Laissez les bon temps rouler in Midtown
From the Liturgy of the palms at All Saints' Episcopal Church, to authentic New Orleans dishes and drinks at several establishments, Midtown is getting its Fat Tuesday on.
It’s Fat Tuesday, and while Midtown may be 500 miles or so away from New Orleans, that’s not stopping local revelers from joining in the fun. But just what is Fat Tuesday?
Well compliments of our friends at New York’s Bayside Patch, historians believe Mardi Gras, French for “Fat Tuesday,” has its origins in Roman pagan fertility festivals. When Christianity swept Rome, the church incorporated the oft-debauched festivals into its observances as a way of attracting followers.
The name “Fat Tuesday,” comes from the custom to indulge on sweets and meats that Catholics traditionally forego during the Lent period, in order to foster contrition.
Celebrated the day before Ash Wednesday, Fat Tuesday is a tradition of blowing off steam before the 40 penitent days of Lent.
Though the custom of wearing brightly ornate masks and costumes during balls and in street processions began in Italy, the tradition spread to France, which popularized the rite throughout Europe, and later the French population of New Orleans. Read more Mardi Gras history at Bayside Patch.
So where’s the party in Midtown this Fat Tuesday? The Nook is getting its 3rd annual Mardi Gras party on all day, serving up authentic New Orleans dishes such as shrimp etouffee, and chicken and andouille sausage jambalaya; plus plenty of beignets and King Cakes. With hurricanes from the bar and plenty of prize giveaways, it’s good times this today at The Nook, for sure.
Marlow’s Tavern has added a Cajun kick to its menu just in time for Mardi Gras. Marlow’s will be serving up a “Bayou ‘n Bourbon” menu through March 26. Diners can enjoy New Orleans style dishes like roast chicken and shrimp gumbo, crawfish fondue, po’boys, deconstructed jamabalaya, a Bourbon Street ribeye and Bayou flatbread with andouille sausage, spinach, peppers, cheese and spicy remoulade sauce. The “Bayou ‘n Bourbon” menu also features jazzed up New Orleans cocktails like Marlow’s Hurricanes, Ramo Gin Fizz and Cajun Cosmos.
Whiskey Park has been celebrating Mardi Gras throughout the month of February with a Fat Tuesday-themed cocktail. They are kind enough to share the recipe here for their Mardi Gras Mambo.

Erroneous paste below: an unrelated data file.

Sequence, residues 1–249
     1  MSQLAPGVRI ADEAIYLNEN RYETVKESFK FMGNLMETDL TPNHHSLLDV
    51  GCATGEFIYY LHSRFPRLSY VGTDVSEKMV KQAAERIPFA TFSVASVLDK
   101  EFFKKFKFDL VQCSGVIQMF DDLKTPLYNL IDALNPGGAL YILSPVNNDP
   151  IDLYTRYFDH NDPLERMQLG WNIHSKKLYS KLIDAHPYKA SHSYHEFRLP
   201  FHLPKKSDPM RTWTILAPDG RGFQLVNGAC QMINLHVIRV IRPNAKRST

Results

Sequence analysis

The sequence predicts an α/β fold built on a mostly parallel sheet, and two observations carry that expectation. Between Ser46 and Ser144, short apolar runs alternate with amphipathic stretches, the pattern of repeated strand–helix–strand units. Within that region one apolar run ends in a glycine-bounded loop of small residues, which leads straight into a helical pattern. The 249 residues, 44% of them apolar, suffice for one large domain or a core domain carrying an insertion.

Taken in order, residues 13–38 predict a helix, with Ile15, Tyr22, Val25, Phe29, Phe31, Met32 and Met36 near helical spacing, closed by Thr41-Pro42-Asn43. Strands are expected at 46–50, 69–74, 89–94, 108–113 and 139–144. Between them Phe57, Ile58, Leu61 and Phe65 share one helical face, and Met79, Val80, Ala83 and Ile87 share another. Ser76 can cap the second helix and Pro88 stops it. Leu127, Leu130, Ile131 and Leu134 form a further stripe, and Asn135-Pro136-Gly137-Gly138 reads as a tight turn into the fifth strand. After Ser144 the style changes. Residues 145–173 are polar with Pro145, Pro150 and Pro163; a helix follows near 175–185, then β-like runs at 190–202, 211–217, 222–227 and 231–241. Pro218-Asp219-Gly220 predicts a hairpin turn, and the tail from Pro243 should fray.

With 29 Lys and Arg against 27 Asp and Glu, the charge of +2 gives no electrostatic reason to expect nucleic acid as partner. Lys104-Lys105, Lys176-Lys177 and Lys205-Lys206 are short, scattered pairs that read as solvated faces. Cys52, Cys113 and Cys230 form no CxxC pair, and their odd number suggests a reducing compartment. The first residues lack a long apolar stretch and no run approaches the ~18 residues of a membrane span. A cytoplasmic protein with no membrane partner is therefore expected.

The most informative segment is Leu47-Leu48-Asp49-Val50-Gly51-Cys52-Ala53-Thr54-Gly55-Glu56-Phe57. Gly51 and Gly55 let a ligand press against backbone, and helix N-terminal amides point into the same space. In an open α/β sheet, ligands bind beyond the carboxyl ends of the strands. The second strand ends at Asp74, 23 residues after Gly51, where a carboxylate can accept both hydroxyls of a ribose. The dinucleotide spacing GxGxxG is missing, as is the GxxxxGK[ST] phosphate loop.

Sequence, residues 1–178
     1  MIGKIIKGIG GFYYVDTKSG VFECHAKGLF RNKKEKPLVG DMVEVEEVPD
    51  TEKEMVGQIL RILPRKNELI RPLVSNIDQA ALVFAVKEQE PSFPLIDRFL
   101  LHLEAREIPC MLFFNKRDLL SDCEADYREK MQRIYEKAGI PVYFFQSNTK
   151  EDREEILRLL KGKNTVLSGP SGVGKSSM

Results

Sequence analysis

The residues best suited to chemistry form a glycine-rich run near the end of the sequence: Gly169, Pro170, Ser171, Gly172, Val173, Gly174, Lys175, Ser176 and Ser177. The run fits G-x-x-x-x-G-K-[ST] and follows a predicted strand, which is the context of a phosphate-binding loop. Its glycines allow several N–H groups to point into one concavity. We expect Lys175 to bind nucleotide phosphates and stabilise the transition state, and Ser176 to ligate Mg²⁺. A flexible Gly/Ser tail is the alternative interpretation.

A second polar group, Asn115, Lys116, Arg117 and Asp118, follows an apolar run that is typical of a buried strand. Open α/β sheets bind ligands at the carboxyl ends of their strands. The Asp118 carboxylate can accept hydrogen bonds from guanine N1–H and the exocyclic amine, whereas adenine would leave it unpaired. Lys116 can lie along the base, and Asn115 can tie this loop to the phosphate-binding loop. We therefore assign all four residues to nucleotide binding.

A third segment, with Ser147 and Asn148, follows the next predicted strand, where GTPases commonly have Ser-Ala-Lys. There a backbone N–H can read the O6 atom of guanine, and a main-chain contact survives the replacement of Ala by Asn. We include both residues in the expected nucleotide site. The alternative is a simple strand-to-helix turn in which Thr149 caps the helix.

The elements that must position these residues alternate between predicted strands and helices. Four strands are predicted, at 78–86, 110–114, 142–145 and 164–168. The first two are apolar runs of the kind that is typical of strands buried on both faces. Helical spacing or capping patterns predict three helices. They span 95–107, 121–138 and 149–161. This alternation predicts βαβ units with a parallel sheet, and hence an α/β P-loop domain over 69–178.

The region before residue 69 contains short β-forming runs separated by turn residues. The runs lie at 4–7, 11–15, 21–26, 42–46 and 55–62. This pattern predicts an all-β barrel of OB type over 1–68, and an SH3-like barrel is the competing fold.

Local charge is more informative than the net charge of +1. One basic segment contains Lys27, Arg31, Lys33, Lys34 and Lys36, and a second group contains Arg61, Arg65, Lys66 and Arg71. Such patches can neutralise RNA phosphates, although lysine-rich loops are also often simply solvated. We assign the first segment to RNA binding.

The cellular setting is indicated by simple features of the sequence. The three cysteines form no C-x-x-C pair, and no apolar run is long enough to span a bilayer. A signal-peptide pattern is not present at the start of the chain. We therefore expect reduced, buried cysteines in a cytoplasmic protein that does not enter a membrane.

1.5oz of Svedka Citron
S M GRAS 3/4 oz Cointreau
1oz of cranberry
splash of lime juice and a splash of simple syrup.
Pour everything into a shaker filled with ice. Shake and then strain into a rocks glass, and garnish with an orange twist.
From 7 p.n. to close RA Sushi will celebrate its version of Fat Tuesday with “Mardi RA.” During the event, enjoy food and drink specials, festive décor and DJ entertainment.
Take a bite out of the Big Easy with a variety of spicy food specials made just for the occasion. Mardi RA dishes include the spicy chicken and shishito green necklace, a noodle dish tossed with chicken, green and red bell peppers, onion, garlic, chili sesame sauce, and shishito peppers, garnished with Sriracha and black sesame seeds. Or enjoy the Spicy Kalbi Beef, grilled beef short ribs marinated in a spicy black pepper soy sauce, served over grilled red and green bell peppers and onions.
Tame the heat from these and other spicy dishes with two special cocktails that give a nod to New Orleans. Sip on a Southern Julep, made with Southern Comfort, Makers Mark, simple syrup and mint, or cool down with a HurRAcane, featuring Southern Comfort, fresh fruit juices, lemon lime soda, simple syrup and grenadine.
Or celebrate Mardi Gras Fat Tuesday style during a parish-wide celebration at All Saints' Episcopal Church beginning at 5 p.m. There will be live music, food and drink—all Mardi Gras style. Even some pancakes to enjoy for all you pancake supper lovers. And the Liturgy of the palms will take place in the courtyard at 6 p.m. See here for more info.